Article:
OASIS Mailing List ArchivesView the OASIS mailing list archive below
or browse/search using MarkMail.


Help: OASIS Mailing Lists Help | MarkMail Help



   Fwd: [xml-dev] Meta-somethingorother (was the semantic web mega-permathr

[ Lists Home | Date Index | Thread Index ]
  • To: XML Developers List <xml-dev@lists.xml.org>
  • Subject: Fwd: [xml-dev] Meta-somethingorother (was the semantic web mega-permathread thing)
  • From: Jonathan Borden <jonathan@openhealth.org>
  • Date: Wed, 9 Jun 2004 21:02:18 -0400

Begin forwarded message:

From: Jonathan Borden <jonathan@openhealth.org>
Date: June 9, 2004 9:01:16 PM EDT
To: Elliotte Rusty Harold <elharo@metalab.unc.edu>
Subject: Re: [xml-dev] Meta-somethingorother (was the semantic web mega-permathread thing)

Elliotte Rusty Harold wrote:
I'd like to see the use cases where starting from an RDF triple store makes life easier than starting from the identical information in more traditional XML. Use of all easily available free tools and languages is allowed (Python, Java, XSLT, XQuery, Owl, etc.) Reliance on expensive proprietary systems (e.g. Tamino) is not because as I saw on sign somewhere recently, "If we can't afford the solution, it's not a solution."

There is no inherent advantage to RDF triples *except* that it is alot easier to canonicalize triples in, e.g. the N-Triples format than it is to canonicalize XML, or any particular dialect of XML. All this is saying is that if you have data that let's say is naturally represented as a directed labelled graph (DLG) and for which you might have 1000 slightly different ways to represent that in XML, triples *might be* a least common denominator format to represent the data. Might be.

For example RDF/XML. The folks on the RDF Core and OWL working groups soon found that it was somewhat difficult to communicate using RDF/XML (Lots of these discussions were naturally about triples). It turns out that it is alot easier to just *say* the triples rather than try to express them in RDF/XML. N-triples (and TimBL's N3) is a convenient shorthand to author information naturally expressed as triples.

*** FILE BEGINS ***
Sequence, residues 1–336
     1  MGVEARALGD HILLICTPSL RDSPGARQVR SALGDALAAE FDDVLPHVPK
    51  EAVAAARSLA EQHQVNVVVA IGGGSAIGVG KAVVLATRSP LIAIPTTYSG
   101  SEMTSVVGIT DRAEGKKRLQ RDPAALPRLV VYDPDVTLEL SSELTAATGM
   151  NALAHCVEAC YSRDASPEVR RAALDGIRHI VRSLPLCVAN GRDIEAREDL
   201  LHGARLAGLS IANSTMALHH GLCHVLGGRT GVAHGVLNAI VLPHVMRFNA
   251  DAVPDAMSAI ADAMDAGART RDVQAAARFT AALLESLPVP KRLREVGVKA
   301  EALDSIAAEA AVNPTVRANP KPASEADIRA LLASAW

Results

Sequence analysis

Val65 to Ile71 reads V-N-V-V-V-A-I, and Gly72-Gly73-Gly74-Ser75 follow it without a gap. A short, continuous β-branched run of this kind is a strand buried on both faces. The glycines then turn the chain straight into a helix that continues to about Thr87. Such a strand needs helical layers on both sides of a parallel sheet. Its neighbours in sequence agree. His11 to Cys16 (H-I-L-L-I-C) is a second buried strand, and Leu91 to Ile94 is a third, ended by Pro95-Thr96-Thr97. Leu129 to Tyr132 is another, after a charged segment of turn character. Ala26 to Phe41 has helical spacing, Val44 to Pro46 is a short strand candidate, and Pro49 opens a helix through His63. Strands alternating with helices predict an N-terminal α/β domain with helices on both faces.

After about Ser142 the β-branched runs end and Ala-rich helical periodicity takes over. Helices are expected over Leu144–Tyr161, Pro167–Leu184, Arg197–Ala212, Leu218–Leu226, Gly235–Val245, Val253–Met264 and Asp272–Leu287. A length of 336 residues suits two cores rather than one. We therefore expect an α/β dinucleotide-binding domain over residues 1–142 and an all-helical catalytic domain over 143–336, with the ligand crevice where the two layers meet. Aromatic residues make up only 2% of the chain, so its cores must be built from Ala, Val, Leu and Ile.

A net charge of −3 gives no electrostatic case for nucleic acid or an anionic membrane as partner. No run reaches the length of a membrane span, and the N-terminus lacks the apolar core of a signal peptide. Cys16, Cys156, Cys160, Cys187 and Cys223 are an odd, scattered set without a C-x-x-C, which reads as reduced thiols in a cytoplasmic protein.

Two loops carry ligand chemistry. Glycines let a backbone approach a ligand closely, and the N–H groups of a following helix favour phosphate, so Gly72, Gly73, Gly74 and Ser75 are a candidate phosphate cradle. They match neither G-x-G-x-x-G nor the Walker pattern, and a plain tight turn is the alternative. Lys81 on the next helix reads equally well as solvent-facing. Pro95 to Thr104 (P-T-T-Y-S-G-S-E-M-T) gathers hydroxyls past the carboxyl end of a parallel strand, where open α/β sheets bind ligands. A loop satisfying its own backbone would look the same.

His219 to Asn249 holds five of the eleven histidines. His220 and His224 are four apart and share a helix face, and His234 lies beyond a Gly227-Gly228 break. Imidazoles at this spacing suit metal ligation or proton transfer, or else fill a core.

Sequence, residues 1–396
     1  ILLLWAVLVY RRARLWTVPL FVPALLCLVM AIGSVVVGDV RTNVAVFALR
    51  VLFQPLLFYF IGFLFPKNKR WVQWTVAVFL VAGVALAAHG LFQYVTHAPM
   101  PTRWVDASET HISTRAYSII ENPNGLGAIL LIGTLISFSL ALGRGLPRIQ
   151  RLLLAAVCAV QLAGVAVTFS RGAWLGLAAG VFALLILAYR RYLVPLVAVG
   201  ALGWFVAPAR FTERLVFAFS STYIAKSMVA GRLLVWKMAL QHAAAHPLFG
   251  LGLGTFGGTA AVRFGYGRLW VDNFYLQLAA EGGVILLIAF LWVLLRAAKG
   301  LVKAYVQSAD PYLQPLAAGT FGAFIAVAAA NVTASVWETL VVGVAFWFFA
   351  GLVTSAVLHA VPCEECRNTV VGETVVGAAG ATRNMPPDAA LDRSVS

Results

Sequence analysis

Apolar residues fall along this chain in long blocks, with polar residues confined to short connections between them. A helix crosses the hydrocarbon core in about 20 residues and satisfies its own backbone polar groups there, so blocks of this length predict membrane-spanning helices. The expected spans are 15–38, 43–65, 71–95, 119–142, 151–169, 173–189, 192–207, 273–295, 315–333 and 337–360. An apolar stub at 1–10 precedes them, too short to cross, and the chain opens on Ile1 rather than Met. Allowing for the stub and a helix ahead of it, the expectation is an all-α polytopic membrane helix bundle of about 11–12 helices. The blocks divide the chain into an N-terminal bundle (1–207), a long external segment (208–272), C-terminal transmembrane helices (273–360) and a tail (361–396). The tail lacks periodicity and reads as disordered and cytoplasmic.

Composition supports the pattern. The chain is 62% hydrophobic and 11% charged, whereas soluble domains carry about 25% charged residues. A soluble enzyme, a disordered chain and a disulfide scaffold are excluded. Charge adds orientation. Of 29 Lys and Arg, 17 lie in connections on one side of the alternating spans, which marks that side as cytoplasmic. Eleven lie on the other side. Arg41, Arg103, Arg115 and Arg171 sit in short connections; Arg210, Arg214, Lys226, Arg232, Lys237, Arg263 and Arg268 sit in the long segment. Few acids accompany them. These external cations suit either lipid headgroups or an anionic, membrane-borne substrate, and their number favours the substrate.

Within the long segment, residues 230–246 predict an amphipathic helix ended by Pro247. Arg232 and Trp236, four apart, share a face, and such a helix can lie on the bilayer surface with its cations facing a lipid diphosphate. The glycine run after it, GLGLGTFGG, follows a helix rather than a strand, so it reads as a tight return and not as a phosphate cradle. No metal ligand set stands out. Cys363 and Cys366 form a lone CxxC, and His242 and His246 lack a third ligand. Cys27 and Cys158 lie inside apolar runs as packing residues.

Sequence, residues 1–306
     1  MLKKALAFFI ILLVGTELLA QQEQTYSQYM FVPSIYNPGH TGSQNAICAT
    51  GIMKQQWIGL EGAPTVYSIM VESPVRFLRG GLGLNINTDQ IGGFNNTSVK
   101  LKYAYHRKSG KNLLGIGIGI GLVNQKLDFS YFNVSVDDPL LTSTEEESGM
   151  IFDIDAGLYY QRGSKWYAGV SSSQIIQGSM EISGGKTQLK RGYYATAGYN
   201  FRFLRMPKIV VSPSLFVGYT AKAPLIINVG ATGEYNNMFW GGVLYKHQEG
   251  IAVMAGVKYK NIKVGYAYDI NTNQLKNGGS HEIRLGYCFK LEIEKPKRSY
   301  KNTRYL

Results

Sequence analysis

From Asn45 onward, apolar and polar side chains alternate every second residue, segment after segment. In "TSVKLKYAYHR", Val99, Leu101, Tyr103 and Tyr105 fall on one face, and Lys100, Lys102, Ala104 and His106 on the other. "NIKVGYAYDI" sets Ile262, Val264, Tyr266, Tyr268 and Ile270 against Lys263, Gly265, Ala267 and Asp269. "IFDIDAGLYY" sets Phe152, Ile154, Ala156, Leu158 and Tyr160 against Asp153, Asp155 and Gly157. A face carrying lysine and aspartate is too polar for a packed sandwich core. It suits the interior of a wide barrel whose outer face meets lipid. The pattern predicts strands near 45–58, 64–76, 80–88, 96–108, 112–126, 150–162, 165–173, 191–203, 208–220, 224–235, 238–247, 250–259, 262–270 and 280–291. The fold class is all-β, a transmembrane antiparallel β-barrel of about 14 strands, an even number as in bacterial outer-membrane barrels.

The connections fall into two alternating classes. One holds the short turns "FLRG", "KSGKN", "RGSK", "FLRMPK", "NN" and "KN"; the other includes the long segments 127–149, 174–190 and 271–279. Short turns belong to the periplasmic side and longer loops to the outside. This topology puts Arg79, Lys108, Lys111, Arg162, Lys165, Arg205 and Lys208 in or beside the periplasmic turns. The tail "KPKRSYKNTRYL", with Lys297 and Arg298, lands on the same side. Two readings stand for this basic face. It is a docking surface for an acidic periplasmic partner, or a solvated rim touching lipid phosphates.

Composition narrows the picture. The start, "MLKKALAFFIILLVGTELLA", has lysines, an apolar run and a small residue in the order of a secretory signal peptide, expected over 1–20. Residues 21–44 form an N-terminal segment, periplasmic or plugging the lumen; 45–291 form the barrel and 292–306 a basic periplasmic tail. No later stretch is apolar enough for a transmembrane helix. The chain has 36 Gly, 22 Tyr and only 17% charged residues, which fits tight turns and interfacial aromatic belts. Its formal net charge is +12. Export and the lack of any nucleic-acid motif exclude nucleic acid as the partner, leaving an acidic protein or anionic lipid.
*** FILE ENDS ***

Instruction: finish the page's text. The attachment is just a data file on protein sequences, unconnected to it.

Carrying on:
For actual use cases which employ free tools, take a look at the N3 work that TimBL and DanC have done on N3 and the CWM inferencing engine all of which is written in Python. The strong impression I get is that for alot of folks who are hacking in RDF, the RDF/XML syntax presents a big overhead.

For example here's a little N3 thinging to do with Atom:


which "starts" as an RDF triple store. One could express the same definition in RDF/XML but I understand that a number of folks who are doing this stuff find it easier to work with N3 *for this stuff* than RDF/XML -- and that would be the identical information.



News | XML in Industry | Calendar | XML Registry
Marketplace | Resources | MyXML.org | Sponsors | Privacy Statement

Copyright 2001 XML.org. This site is hosted by OASIS